Around two in the morning, Frick, who was having a drink with the hotel owner’s son, saw Cruyff stumbling around the garden. The music was loud with the Bee Gees and One Way Wind, a song by the Dutch band, The Cats, dominating: Cruyff had taken a liking to the latter. The journalist noticed the flowing champagne and the scantily clad women four of the Oranje players were dancing with; the Dutch meister had apparently found himself a nice redhead to canoodle with.
When Frick called his editor at the Stuttgarter Nachrichten the next morning, his boss had only two words for him: write NOW! The bewspaper ran the story on July 02, and the West German tabloid Das Bild ran it the next day. When Cruyff found out after the match against Brazil, he lunged at Frick, ready to do murder, but was restrained by some of his team mates. Frick was kicked out of the hotel.
The news trickled up to Danny Coster, Cruyff’s wife. She was understandably livid and threatened her husband with divorce. In a desperate effort to save their marriage, Cruyff spent the rest of his days and nights until the final with her on the telephone. The night before, Cruyff had been nervous and kept his room mate, Neeskens, up until dawn. When game day came, the great Oranje hope was distracted and the rest is history. The pair met on Dutch television on Cruyff’s 50th birthday but the manager refused to speak to the journalist. Frick is now living in the United States somewhere; he has given up the pen and taken up the paintbrush.
In his 2004 book, 1974: Wij waren de besten, Dutch journalist Auke Kok has an unpatriotic tale to tell: the Oranje failed to conquer the world in 1974 not because of a sleazy story some German pamphlet printed but because of their own hubris, non-stop partying, and a confused mission to avenge the War. The evenings Frick observed were not unique – the boys from the Netherlands rolled through their fixtures drinking, smoking, and partying in their time off. Rinus Michels, Cruyff’s manager from Ajax who was now the coach of the Dutch national team, even flew to Spain a few times between World Cup fixtures to manage the affairs of his club, Barcelona. Furthermore, Michels could not stop talking about the war, Kok reveals; the Dutch were focussed not on winning the World Cup but getting revenge on the Germans for the Second World War. Despite these shortcomings, Kok admits, the Dutch were the best team that took the field that tournament.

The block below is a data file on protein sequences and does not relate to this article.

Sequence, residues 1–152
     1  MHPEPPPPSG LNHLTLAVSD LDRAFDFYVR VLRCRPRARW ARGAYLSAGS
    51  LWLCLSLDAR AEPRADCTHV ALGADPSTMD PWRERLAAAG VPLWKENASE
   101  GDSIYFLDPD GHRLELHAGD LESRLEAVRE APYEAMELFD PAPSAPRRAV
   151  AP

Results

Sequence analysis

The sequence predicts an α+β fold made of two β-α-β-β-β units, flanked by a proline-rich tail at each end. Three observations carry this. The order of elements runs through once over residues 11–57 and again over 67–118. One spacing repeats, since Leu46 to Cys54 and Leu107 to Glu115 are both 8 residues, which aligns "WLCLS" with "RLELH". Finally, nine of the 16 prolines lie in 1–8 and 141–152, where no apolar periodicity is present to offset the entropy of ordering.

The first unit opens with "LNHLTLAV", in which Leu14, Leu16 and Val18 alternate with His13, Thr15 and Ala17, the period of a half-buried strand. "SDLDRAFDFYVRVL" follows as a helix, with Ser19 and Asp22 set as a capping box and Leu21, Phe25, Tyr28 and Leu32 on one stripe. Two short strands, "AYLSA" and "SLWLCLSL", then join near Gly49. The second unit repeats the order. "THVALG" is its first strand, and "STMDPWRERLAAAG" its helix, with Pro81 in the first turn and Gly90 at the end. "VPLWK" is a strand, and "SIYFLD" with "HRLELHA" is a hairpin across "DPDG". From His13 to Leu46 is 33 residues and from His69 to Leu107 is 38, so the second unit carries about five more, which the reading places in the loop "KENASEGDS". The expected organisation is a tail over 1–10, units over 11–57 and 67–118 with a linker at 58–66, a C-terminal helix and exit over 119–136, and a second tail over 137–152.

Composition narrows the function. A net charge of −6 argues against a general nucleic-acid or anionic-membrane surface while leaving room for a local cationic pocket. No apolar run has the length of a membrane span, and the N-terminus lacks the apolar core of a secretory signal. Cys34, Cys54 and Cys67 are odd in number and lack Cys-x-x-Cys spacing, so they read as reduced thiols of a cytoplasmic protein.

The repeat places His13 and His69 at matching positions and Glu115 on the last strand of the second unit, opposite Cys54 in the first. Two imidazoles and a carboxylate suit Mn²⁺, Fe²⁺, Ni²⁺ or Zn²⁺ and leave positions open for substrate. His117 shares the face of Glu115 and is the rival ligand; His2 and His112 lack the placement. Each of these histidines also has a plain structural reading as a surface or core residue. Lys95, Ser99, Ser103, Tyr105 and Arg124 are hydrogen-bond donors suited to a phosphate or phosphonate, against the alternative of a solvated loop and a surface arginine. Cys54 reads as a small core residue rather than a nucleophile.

Nonetheless, Cruyff’s commitment to football was absolute. In February 1974, in his first year at Barcelona, the Catalan side was playing its arch rival, Real Madrid, in El Clásico. Danny was pregnant with their youngest of three. The couple agreed to bring forward the birth of their child by a week so that Cruyff could go and play against Real Madrid. Barcelona won 5:0 that night, Cruyff scoring the second goal; his son was named Jordi, after the patron saint of Catalonia.
Today’s fans may be surprised to hear of footballers refusing to play over money but in the 1960s when the sport treated as barely more than an amateur pastime, players were not paid so well. When being selected for the national team was considered an honour, Cruyff demanded to be paid; he demanded that players receive insurance as Dutch Football Association officials did when they travelled abroad. In 1983, when Ajax refused to pay him enough after he had won two league titles for them, he got up and left for Feyenoord, their greatest rival, and promptly won the league title for them. Cruyff even refused to coach the national team in 1994 as the Koninklijke Nederlandse Voetbalbond (KNVB) would not offer a satisfactory compensation package. As he would later explain, “When my career ends, I cannot go to the baker and say: ‘I’m Johan Cruyff, give me some bread.’”
The Netherlands’ greatest footballing son sat out the 1978 World Cup in Argentina; the official reason given then was that it was because he opposed the military dictatorship of Augusto Pinochet. However, rumours floated that it was actually over a dispute with the KNVB about sponsorship but the Dutchman revealed in 2008 that his family had been the victim of an attempted kidnapping in December 1977 and he had not been in a proper frame of mind to compete at the world’s highest level (the sponsorship kerfuffle had actually been resolved when the KNVB, who had signed a deal with Adidas for the World Cup, gave in to Cruyff, who had his own deal with Puma, and custom-made a t-shirt for the forward with two stripes instead of Adidas’ famed three). The Netherlands lost 3:1 to the hosts in the finals and it is still a matter of speculation among Oranje supporters that the FIFA World Cup trophy would have visited Amsterdam that summer had Cruyff been there.
Cruyff’s love of money comes from not having much of it growing up. His father Manus, a grocer who supplied fruits to Ajax, died when Cruyff was 12. His mother, who worked as a cleaner at Ajax stadium, remarried a man who also worked for Ajax. Manus had started his son early in the Ajax youth system. At 10, the skinny lad was already sporting an Ajax t-shirt, his father boasting that he would be worth £10,000 some day. His loss affected Johan more than is recognised. Young Cruyff would sometimes be found sitting at the kitchen table, talking to the spirit of his dead father, something he would continue to do even decades later. Michels employed not one but two psychologists to understand Cruyff. The first, Dolf Grunwald, pointed to the athlete’s father fixation as the fuel for his ambition as well as his self-destructive tendencies. As he told one of his interviewers, “the fact that you lose your father early means that you have to do something extra.”
In 1977, when Cruyff hung up his boots for the first time, he got into business with a French-Russian character named Michel Basilevitch. Cruyff invested heavily in his new venture and lost almost everything he had in circumstances that have never fully been explained. Within a year of his retirement, the Dutch football star was forced to return to the game. After an unremarkable stint in the United States and a second division team in Spain, Cruyff returned to Ajax again in 1981. Cruyff finally retired for good three years later from Feyenoord.